DAILY QUESTIONS: For every day we meet you are required to post to Blackboard one question pertaining to the day’s reading. As we will use these questions to generate discussion, they should clearly indicate that you have done the reading, and they should be questions that can’t be answered with a simple yes or no.  Please put some thought into these, and be sure to read all the questions posted on the discussion board before you come to class. Questions must be posted prior to noon before each class session. Though I won’t grade the questions individually, the quality of your daily questions will be evaluated at semester’s end for 10% of your final grade.

ATTENDANCE: Discussion of the course texts is the central component to this class, so attendance is mandatory.  Each absence after your third will lower your final grade by a full letter (so four absences would make an A grade a B, while five absences would make an A a C).  You will automatically fail if you miss 6 or more classes.  Excessive tardiness or early departures will count as absences too.  The overnight course outing April 24-25 will count as two class sessions.

PARTICIPATION While everyone participates in different ways—some are more vocal than others—you are expected to have done the reading and to be prepared to address it each day.  At the end of the term, each student is required to submit a short self-evaluation, explaining what participation grade the student thinks he or she should receive and why. I will use the self-evaluation to assist in assigning participation grades, which will account for 10% of your final grade.

MIDTERM and FINAL EXAMS: On March 12 and April 28 there will be a mid-term and final exam.  Each exam will consist of a handful of short answer questions and a couple of essay questions.  I will prepare for what to expect on the exams as the time approaches. The midterm will count for 15% and the final exam 20% of your final grade.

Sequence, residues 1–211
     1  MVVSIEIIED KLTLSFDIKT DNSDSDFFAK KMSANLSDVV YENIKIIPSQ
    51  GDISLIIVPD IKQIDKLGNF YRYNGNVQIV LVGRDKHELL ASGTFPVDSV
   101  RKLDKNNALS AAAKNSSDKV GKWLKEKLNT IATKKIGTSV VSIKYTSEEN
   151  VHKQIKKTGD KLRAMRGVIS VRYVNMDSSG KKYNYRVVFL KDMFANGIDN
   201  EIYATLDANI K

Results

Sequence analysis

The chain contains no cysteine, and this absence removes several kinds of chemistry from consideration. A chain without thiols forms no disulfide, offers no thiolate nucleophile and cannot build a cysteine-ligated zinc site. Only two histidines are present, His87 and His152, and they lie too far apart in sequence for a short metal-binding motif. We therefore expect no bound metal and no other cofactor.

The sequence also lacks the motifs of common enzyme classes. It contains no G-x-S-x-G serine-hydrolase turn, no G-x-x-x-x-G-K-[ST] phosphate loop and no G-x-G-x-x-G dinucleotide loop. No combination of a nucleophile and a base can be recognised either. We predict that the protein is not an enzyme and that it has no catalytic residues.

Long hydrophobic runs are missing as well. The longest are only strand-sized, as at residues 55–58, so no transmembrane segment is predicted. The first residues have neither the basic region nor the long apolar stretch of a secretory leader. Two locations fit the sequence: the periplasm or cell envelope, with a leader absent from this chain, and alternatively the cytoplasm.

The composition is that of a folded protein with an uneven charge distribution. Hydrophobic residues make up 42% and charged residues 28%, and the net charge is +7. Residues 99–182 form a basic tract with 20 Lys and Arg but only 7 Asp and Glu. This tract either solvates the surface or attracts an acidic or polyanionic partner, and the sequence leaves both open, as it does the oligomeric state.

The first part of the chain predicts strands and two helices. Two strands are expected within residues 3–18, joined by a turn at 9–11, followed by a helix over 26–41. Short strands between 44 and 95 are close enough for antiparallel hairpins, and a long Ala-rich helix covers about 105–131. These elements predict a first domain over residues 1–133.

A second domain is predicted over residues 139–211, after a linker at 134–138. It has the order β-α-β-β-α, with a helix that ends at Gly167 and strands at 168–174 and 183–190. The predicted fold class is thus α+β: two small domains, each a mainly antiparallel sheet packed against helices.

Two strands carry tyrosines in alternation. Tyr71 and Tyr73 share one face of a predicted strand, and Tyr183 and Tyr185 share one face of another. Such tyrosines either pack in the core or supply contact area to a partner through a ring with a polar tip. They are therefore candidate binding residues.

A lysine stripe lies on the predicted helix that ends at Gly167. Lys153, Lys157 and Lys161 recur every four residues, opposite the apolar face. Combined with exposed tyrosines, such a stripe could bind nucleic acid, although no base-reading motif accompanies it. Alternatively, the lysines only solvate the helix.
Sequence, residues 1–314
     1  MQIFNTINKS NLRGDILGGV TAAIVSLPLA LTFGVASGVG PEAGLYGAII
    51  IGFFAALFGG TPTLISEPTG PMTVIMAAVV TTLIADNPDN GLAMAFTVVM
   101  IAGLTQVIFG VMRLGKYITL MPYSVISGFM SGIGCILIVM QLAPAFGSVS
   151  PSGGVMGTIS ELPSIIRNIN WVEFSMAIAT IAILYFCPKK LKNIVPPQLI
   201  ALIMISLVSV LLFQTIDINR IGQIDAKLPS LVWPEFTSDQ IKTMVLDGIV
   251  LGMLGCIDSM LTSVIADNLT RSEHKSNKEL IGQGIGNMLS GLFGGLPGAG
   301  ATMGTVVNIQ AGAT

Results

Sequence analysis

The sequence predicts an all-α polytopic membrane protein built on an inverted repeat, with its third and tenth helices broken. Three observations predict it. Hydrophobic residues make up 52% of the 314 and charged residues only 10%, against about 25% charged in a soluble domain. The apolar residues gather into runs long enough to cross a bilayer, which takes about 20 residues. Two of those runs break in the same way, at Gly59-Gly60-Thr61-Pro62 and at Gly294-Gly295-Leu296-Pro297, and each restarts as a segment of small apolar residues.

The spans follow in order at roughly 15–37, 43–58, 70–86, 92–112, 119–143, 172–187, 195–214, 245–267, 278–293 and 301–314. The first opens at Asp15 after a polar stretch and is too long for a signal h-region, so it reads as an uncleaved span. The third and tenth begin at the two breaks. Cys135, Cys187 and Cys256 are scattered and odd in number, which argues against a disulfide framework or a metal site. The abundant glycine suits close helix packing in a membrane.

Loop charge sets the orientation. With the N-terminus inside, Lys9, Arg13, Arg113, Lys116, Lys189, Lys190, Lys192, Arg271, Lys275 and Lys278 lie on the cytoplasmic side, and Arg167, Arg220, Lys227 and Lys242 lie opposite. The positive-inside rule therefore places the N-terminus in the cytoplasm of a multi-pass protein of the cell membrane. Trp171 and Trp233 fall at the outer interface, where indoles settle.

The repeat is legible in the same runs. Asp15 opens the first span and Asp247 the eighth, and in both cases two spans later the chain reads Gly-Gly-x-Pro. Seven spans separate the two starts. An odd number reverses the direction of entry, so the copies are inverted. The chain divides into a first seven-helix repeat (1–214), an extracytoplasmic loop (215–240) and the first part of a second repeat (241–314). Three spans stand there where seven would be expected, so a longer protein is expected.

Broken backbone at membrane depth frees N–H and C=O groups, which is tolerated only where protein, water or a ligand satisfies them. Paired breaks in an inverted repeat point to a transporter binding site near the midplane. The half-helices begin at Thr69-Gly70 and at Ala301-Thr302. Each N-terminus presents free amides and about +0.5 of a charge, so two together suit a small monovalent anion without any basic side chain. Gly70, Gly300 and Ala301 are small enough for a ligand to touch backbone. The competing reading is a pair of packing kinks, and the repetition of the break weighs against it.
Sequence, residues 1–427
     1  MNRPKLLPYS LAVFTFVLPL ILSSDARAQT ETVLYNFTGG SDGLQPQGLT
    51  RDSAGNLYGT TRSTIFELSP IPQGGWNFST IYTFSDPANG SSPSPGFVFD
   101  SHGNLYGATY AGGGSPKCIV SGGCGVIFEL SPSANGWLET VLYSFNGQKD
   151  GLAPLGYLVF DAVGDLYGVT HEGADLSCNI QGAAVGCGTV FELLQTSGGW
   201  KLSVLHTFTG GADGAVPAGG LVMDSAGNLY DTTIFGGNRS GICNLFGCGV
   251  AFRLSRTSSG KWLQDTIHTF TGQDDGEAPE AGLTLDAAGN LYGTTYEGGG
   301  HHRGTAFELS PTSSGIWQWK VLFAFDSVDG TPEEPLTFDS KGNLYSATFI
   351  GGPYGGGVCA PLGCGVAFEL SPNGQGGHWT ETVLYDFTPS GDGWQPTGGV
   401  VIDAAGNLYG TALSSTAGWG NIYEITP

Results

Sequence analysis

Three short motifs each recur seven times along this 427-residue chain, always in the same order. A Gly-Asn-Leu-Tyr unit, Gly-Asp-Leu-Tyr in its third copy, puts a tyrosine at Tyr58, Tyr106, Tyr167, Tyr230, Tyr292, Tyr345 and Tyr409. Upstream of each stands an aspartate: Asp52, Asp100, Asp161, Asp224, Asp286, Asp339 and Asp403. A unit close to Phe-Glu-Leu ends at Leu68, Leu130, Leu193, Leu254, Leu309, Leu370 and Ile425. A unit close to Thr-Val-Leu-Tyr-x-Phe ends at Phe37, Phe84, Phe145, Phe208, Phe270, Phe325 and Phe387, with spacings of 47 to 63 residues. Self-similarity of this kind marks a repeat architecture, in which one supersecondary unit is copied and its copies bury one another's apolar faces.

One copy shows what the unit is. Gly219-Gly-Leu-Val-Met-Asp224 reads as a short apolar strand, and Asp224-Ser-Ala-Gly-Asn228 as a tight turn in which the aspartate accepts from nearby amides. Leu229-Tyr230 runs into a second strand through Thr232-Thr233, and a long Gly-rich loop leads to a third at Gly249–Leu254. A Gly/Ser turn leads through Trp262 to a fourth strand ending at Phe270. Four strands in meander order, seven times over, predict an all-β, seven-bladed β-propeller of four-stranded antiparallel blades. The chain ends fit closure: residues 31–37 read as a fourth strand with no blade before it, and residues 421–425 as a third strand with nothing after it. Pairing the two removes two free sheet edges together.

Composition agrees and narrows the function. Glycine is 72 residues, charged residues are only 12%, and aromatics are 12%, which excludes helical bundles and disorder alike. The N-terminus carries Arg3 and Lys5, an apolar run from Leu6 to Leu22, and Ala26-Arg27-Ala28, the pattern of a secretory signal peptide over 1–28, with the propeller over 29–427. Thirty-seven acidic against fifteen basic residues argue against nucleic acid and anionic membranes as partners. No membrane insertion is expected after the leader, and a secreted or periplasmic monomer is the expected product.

Policies:

Prerequisite: Upper-division standing with a “C” or higher in English 211 or instructor permission.

The grade of “Incomplete” can be given only in unusual circumstances where a student has successfully completed the majority of the course with a grade of “C” or higher but has been unable to complete the final requirements of the course due to unavoidable extenuating circumstances.

Plagiarism is a serious academic offense that can result in disciplinary measures taken by the Committee for Student Disciplinary Action. All work submitted in this course must be your own and must be written exclusively for this course. The use of sources (ideas, quotations, paraphrases) must be properly documented following MLA style guidelines. Please see me if you have any questions about the use of sources.

If you have a documented disability for which you require academic or programmatic accommodations, please contact the Disability Support Services Office as soon as possible.

 

Learning Outcomes:

Content: You will demonstrate knowledge of the major texts and authors in environmental literature. This will include your ability to contextualize literature within the appropriate philosophical, political, and cultural history.

Communication (Writing): You will become a more confident writer by sharpening your critical analysis skills in both formal and informal writing assignments.

Communication (Speaking): You will practice speaking and listening in whole- and small-group discussions, you will also have the opportunity to give a class presentation.